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SpaceX launchjes 51 Starlinks into polar orbit




  • In Science
  • 2021-09-14 05:30:48Z
  • By CBS News

In heavy fog, SpaceX launched another batch of Starlink internet satellites late Monday, firing 51 upgraded relay stations into polar orbit from Vandenberg Space Force Base in California.

The flight came just two days before the planned launch of another Falcon 9 from Florida Wednesday carrying four civilians aloft in the first non-government commercial flight to orbit. The Inspiration4 mission was chartered by tech billionaire Jared Isaacman to raise money for St. Jude Children's Research Hospital.

While not as dramatic, the Starlink launch nonetheless marked a major milestone for SpaceX, the project's first flight to an orbit around Earth's poles using new internet beacons featuring satellite-to-satellite laser communications links to minimize time lost relaying data through ground stations.

A SpaceX Falcon 9 rocket using a first stage making a record-tying 10th flight blasts off from Vandenberg Space Force Base, boosting 51 Starlink internet satellites into polar orbit.
A SpaceX Falcon 9 rocket using a first stage making a record-tying 10th flight blasts off from Vandenberg Space Force Base, boosting 51 Starlink internet satellites into polar orbit.  

"We're flying a number of laser terminals right now in space, and we're working on probably our third generation," Gwynne Shotwell, SpaceX president and CEO, said at a recent conference. "That's why we haven't flown Starlinks for six or eight weeks, because we wanted the next set to have the laser terminals."

The goal, she said, is to continue enhancing the Starlink network "by putting more capacity in space, and really looking forward to truly connect those that are very difficult to connect, the three to five percent where fiber just does not make sense."

The Falcon 9 rocket's first stage, making a record-tying 10th flight, roared to life at 11:55 p.m. EDT (8:55 p.m. local time) and thundered away from pad 4-East at Vandenberg northwest of Los Angeles through thick fog.

After propelling the vehicle out of the dense lower atmosphere, the first stage fell away, flipped around and plunged back to Earth, landing on a SpaceX droneship to chalk up the company's 91st successful booster recovery, it's 68th at sea.

Seconds later, the rocket's second stage engine shut down and six-and-a-half minutes after that, the 51 Starlinks were released to fly on their own, slowly spreading apart as they drifted away. Each small satellite will used on-board propulsion to reach its operational orbit.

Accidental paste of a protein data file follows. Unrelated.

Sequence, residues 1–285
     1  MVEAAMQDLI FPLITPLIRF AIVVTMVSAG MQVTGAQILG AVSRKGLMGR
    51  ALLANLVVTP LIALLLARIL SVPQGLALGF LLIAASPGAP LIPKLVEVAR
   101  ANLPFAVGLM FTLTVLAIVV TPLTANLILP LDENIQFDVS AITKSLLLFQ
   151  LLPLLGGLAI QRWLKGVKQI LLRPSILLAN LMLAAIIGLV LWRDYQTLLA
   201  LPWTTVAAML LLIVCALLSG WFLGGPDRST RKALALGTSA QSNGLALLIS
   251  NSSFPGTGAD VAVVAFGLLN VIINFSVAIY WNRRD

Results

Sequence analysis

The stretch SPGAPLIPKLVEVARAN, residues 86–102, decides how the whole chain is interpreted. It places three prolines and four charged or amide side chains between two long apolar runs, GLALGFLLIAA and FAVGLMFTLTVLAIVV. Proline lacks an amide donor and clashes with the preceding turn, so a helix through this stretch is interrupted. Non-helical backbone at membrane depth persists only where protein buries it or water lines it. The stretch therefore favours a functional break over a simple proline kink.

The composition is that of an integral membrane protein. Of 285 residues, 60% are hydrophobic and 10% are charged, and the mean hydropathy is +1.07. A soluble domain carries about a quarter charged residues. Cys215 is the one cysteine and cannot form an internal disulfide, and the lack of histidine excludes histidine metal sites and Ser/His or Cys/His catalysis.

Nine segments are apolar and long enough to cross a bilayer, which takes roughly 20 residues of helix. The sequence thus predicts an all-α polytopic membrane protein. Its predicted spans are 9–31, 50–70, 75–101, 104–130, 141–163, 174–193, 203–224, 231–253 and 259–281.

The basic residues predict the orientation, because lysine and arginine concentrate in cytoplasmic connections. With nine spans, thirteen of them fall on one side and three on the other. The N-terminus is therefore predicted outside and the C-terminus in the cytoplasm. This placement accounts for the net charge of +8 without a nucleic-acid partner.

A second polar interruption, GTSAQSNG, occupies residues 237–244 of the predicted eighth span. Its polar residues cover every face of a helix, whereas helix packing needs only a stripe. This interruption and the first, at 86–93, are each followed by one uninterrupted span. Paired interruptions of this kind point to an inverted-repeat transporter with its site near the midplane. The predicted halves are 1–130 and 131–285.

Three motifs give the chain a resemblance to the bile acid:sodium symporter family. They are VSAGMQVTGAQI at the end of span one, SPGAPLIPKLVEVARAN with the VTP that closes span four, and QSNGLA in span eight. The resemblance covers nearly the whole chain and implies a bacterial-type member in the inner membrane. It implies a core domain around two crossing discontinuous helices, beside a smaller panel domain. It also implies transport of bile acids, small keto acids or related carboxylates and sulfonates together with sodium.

With Monday's launching, SpaceX has put 1,791 Starlinks into orbit. More than 1,400 of those were thought to be fully operational going into the latest flight.

Operating in multiple orbital planes, the Starlink satellite system is designed to eventually bring relatively high-speed internet to any point on the planet, routing data to and from small user antennas and terminals.

The laser cross links referred to by Shotwell allow satellites to hand off a user's internet traffic from one relay station to another as they pass over and move beyond line of sight in their relatively low orbits.

OneWeb, which has already launched 288 of its own internet satellites, plans to launch another 34 Tuesday using a Russian Soyuz booster. The company says it will achieve global coverage with 648 satellites operating in higher orbits than the Starlinks.

"There are millions and billions of people that do not have access to decent internet," Shotwell said. "So that's a pretty big market. I am not worried about the number of organizations that are interested in doing this. I'm interested and concerned about their sustainability when it comes to the space environment."

Multiple companies are poised to enter the marketplace with tens of thousands of small satellites eventually flooding low-Earth orbit. Critics worry about the increased possibility of high-speed collisions, creating debris that could take out other satellites.

Shotwell said SpaceX and OneWeb cooperate "brilliantly" when it comes to collision avoidance, but added it's not yet clear how other companies and nations will manage the threat.

"The worst day in the world for Starlink is to have a collision," she said. "We have absolutely no desire to create chaos in our orbits. ... There is a huge amount of focus on this within the Space Force to make sure that we have great tracking, real time updates, and I think we will continue to move toward a better system to regulate that."

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